Resisting a craving is exhausting. How long can someone endure being torn in two—I desire to do this so bad, but I shouldn’t because it’s not right—before finally giving in, if for no other reason than to make the conflict go away?
If you’re caught in this cycle then eventually you’re likely to give in and use. For instance, the food addict who has stayed up late watching television alone (a ritual behavior) gets out a bag of chips and eats the whole bag and the whole container of cheese dip.
The chips with dip tastes good. It’s crunchy, salty, and sweet. Eating and watching television is relaxing—no pressure, nobody needs you, nothing you have to do—you’re just sitting there being entertained and eating.
But at some point comes the stomach ache, the extra weight, and the guilt. The guilty regrets will come—whether its when you see the empty bag, later in the morning when you stumble out of bed, or whenever you get on the scale.
And guilt is just the tip of the emotional iceberg. Underneath that there are other emotional pains, including a hole in your soul… a vast, painful emptiness. No matter how much you eat or use ______ you can’t fill this void.
In time this emotional pain builds up and is triggered by some situation and becomes re-cycled again, “acted out” in a compulsive behavior.
The Way to Freedom: Interrupt the Cycle
Recovery from any compulsive behavior problem begins with realizing that you’re caught in a cycle of addiction that you can’t control. You must admit that your life has become unmanageable (Step 1 in the Twelve Steps). Probably you believe in a God of love, wisdom, and power but for some reasons you don’t understand your Christian beliefs are not helping you to change.
It’s time to cry out to God to help you learn a different approach to getting free! Most people seeking change focus on trying not to use their compulsion anymore, but that’s just one part of the problem pattern and usually it’s the last part to change. In order to get free of a compulsion you have to change how you deal with each part of the Cycle of Addiction.
How do you deal with your emotions? If you’re struggling with a compulsion then probably you also have a pattern of trying not to feel stress and hurt. Maybe you try to be strong or stay busy. Instead you need to learn to be vulnerable with someone. You need to become more aware your emotional stress and hurt and learn to reach out to safe people for support.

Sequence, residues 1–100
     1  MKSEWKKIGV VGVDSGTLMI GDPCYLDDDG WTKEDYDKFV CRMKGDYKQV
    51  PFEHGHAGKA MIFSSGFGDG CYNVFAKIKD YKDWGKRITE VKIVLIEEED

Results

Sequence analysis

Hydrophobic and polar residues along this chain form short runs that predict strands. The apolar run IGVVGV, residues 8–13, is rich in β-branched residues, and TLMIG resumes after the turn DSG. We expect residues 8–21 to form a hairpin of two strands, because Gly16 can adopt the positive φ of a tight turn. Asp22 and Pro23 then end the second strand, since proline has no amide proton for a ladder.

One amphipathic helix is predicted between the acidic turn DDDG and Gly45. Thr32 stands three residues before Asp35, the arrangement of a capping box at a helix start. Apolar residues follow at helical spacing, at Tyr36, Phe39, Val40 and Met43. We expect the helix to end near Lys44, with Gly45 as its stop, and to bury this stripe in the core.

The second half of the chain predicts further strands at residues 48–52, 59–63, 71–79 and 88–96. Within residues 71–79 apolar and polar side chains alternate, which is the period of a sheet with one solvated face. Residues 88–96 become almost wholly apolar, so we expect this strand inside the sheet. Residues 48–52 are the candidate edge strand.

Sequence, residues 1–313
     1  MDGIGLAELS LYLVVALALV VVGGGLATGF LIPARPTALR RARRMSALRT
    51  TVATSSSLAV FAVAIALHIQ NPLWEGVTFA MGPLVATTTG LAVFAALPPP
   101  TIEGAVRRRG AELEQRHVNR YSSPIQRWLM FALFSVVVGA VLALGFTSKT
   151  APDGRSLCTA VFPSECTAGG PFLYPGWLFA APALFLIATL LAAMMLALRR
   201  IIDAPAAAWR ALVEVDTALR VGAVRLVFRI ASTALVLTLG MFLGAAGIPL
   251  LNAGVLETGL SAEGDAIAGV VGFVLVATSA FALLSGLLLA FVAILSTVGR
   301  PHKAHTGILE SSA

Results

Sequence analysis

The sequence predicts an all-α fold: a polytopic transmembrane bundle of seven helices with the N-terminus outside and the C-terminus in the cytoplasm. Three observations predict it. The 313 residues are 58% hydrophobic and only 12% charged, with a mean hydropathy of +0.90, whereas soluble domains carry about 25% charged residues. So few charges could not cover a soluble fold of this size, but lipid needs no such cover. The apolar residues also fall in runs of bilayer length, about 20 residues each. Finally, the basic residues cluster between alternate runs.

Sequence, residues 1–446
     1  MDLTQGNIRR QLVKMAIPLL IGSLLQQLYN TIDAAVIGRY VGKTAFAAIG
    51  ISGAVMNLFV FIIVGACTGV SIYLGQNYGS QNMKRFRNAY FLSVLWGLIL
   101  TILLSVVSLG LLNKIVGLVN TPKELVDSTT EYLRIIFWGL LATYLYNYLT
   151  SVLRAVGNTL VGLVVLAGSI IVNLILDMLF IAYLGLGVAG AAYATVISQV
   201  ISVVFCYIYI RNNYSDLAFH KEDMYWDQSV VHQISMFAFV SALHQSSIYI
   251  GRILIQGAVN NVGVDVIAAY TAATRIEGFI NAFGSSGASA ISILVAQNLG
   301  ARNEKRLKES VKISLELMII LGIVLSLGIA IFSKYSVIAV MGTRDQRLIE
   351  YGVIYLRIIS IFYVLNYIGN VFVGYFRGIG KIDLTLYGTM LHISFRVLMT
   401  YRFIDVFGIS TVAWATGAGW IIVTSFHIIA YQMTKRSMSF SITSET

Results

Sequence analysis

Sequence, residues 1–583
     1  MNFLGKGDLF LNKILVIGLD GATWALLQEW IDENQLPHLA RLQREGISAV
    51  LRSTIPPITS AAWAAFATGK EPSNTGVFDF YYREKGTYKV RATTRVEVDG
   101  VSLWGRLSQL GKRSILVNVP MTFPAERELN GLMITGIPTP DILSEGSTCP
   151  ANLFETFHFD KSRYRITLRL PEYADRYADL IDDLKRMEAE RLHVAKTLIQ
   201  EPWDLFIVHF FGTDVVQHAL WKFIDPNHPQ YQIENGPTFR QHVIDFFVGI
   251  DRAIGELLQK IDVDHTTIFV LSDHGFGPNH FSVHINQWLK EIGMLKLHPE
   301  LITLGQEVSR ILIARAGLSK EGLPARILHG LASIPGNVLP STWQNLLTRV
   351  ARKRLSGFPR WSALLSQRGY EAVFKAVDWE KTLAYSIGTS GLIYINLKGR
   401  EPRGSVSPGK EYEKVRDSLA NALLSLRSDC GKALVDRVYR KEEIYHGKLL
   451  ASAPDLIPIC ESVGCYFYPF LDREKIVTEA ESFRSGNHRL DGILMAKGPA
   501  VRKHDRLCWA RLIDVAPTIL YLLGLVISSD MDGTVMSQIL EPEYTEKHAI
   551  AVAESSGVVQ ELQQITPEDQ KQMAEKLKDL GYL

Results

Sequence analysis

For instance, some people overeat when they’re overtired—that’s their emotional trigger. (For others it’s feeling lonely or anxious.) So they need to learn the reasons for their exhaustion and resolve those. They may need to set better boundaries on their work or on relationships that drain them. They surely will need to practice healthy behaviors and engage in good relationships that lift their spirits.
Meeting the Needs that Underly Cravings
Cravings for food, alcohol, or sex are intense when they’re associated with deep emotional needs. To progress in freedom from a compulsion it’s essential that you learn what these true needs are and how to meet them.
For example, sexual compulsives may use pornography with masturbation or sexual encounters with others as a way to feel emotionally alive and connected with someone. But sex in itself does not meet attachment needs. That requires an authentic, vulnerable relationship in which their is trust, love and respect. Learning to develop healthy relationships will over time decrease the craving for sex.
Other compulsive behaviors work the same way. If you’re having trouble setting boundaries on the time and energy you’re giving to your ministry why is that? No matter how important your work as a pastor or ministry leader is it is not more important than setting aside time and space to worship and enjoy God, be personally involved with your family, or care for your own soul. God is not giving you too much to do—you’re doing that to yourself—you must be trying too hard to please people or bolster up a sagging self-esteem. You need to address your personal need for acceptance or significance directly.